Elsewhere, in Tamaulipas state, military officers arrested a leader of the Cartel del Noreste (CDN) during a clash in Nuevo Laredo, which left one officer dead. Following this arrest, members of the CDN carried out shootings against a military station and the US consulate in Tamaulipas, and blocked several roads with vehicles set on fire. The CDN is one of the main groups that operates in Tamaulipas, controlling drug trafficking routes into the US (El País, 14 March 2022). Similarly, military and ministerial police arrested a CJNG leader in Colima state last week, triggering gang attacks against civilians and several roadblocks across the state. This arrest comes amid an increase in violence involving the CJNG and the Los Mezcales gang — a former ally — for control of drug trafficking routes in the state (Infobae, 12 March 2022). These trends contribute to the 206% increase in violence in Colima in the past month relative to the past year flagged by ACLED’s Subnational Threat Tracker. The Tracker first warned of increased violence to come in Colima in the past month.
In Jamaica, violence intensified last week amid multiple deadly gang attacks against civilians. In Hanover, suspected gang members carried out an attack against a supermarket on 16 March, killing three people and leaving several others injured. According to authorities, the attack could be extortion-related (Jamaica Observer, 18 March 2022). While violence in Hanover has not been common, it has become increasingly volatile, resulting in a shift from a place of ‘low risk’ to being considered an area of ‘growing risk’ by ACLED’s Volatility and Risk Predictability Index.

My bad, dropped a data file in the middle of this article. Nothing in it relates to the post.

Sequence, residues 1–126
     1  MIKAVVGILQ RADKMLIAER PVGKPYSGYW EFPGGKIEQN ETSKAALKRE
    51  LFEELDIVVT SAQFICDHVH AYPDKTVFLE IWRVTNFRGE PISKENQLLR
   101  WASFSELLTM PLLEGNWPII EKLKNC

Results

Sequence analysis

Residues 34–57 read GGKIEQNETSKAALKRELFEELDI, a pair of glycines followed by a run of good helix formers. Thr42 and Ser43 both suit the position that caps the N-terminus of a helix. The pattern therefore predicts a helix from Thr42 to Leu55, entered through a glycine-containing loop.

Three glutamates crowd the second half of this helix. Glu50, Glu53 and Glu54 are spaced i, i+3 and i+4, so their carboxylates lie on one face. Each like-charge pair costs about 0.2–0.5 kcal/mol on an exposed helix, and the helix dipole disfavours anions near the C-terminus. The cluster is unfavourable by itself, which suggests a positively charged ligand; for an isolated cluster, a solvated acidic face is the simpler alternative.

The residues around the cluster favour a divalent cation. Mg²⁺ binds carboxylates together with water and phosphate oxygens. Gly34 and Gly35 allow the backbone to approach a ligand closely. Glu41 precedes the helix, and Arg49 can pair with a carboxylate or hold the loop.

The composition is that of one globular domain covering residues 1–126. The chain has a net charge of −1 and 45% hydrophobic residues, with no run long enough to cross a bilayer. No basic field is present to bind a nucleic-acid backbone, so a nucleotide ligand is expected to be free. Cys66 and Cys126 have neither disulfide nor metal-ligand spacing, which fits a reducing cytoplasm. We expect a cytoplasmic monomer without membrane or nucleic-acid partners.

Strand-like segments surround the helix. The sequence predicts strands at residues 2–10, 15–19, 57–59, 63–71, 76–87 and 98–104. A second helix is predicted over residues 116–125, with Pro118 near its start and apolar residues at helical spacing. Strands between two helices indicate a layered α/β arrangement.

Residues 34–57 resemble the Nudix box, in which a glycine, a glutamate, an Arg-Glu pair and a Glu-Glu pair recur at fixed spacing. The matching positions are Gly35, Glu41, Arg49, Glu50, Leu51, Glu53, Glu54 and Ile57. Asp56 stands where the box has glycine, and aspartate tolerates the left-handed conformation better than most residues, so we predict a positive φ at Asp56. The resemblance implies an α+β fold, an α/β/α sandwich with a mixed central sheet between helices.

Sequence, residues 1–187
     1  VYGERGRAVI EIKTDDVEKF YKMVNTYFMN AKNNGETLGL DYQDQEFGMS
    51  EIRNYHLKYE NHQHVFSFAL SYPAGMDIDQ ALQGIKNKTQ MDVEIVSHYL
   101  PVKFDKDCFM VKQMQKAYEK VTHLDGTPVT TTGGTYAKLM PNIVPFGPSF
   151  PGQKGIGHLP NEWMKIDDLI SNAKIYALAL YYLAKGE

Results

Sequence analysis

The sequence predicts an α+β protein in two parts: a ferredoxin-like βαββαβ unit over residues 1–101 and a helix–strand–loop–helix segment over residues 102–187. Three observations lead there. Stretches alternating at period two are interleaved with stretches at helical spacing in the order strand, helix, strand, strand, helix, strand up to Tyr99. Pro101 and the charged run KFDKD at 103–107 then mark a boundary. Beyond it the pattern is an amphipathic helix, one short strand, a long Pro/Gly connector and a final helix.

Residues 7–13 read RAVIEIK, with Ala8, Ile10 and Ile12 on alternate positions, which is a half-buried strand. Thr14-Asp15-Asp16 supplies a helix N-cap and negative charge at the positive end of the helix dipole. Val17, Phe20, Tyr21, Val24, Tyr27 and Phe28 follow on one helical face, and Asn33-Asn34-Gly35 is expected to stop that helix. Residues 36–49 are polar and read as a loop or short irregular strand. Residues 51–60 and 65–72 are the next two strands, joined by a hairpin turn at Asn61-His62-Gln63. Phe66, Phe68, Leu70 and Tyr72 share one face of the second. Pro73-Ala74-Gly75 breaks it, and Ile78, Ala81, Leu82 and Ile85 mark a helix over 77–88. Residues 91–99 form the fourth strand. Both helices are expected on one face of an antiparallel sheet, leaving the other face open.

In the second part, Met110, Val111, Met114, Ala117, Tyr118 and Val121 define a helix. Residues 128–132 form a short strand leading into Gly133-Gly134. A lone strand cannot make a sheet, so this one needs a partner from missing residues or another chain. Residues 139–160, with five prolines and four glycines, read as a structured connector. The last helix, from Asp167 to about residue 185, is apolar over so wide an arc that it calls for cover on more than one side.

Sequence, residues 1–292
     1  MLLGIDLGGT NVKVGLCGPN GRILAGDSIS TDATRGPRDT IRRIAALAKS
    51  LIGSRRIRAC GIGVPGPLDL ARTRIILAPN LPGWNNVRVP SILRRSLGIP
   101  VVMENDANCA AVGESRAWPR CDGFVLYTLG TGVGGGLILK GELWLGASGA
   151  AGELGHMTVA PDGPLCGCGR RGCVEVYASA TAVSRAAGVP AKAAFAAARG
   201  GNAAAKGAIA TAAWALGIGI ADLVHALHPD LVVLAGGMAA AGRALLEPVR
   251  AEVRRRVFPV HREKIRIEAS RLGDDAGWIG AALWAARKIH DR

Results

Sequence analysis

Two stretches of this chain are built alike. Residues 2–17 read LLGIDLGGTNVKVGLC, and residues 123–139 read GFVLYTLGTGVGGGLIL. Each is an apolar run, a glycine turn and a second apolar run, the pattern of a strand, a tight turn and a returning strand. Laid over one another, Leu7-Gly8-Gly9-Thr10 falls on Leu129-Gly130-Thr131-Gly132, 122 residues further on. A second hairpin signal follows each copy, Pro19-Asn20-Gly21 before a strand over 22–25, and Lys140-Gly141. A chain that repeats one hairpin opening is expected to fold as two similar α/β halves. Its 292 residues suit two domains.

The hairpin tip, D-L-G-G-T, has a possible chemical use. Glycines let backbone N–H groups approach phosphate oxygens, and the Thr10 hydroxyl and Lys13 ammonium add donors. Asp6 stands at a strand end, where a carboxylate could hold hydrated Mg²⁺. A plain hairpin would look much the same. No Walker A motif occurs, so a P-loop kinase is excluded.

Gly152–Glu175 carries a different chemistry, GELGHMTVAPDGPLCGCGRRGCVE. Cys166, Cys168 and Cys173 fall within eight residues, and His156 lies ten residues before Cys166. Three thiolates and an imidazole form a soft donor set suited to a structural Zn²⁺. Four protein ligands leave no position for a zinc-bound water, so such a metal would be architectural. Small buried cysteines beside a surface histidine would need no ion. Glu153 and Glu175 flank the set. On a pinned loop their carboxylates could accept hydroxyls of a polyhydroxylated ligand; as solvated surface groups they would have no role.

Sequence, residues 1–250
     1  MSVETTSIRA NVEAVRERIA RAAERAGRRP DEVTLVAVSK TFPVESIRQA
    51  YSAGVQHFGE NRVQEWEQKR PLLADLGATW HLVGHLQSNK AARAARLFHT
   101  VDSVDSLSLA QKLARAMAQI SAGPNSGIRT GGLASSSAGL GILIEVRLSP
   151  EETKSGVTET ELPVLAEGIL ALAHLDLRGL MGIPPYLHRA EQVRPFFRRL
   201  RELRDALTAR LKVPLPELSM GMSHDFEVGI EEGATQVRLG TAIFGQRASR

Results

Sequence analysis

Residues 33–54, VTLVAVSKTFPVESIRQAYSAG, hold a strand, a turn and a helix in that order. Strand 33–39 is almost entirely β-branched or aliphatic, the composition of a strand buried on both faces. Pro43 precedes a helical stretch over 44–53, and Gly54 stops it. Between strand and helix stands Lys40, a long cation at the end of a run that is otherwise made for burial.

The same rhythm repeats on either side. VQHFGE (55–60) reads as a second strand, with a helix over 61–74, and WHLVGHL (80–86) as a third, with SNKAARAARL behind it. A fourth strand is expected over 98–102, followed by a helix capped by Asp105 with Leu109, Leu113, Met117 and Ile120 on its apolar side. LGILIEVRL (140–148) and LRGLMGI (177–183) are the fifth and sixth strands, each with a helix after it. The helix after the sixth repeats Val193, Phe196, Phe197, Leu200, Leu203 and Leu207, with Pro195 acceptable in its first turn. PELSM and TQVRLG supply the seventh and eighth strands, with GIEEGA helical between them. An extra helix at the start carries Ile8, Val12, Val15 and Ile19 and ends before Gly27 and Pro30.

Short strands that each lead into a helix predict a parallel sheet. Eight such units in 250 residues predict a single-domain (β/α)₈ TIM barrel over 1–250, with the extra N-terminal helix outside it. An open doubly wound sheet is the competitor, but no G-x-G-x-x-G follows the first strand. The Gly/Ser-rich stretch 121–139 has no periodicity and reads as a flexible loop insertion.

In Honduras, violence remained at high levels last week amid attacks by armed men against civilians. Notably, in Cortés department, gunmen killed three people, including a taxi driver. Such attacks contributed to the 167% increase in violence in Cortes last week relative to the past month flagged by ACLED’s Subnational Surge Tracker. The Tracker first warned of increased violence to come in Cortes in the past month. ACLED records an increase in attacks targeting taxi and bus drivers in Honduras in the first two weeks of March, with such attacks surpassing the number of attacks in the whole month of February. Transport drivers in Cortés and other departments have stopped activities and have denounced the increase in attacks and threats by gang members demanding payments in exchange for the right to work (Contra Corriente, 16 March 2022).
Meanwhile, National Party of Honduras supporters protested on 16 March outside the Supreme Court of Justice in Tegucigalpa, over a US extradition request for former President Juan Orlando Hernández. The court approved the extradition of Hernández, who is accused of conspiracy to traffic thousands of kilograms of drugs into the US (BBC, 17 March 2022).
In Haiti, demonstrators barricaded roads throughout last week in Port-au-Prince against insecurity and demanded the release of victims of gang kidnappings. Students demonstrated for three consecutive days in Port-au-Prince, demanding the release of a school principal who was kidnapped on 11 March. Police deployed tear gas and arrested several students. Health workers also barricaded other roads of the city as part of a three-day strike in which public and private medical services stopped their activities in response to the kidnapping of doctors (Al Jazeera, 15 March 2022). Local organizations have denounced the failure of police to address insecurity (AlterPress, 14 March 2022). Last week, the director of the National Police Force appointed new directors for three police departments in response to the criticism over police inaction (Haitian Times, 15 March 2022).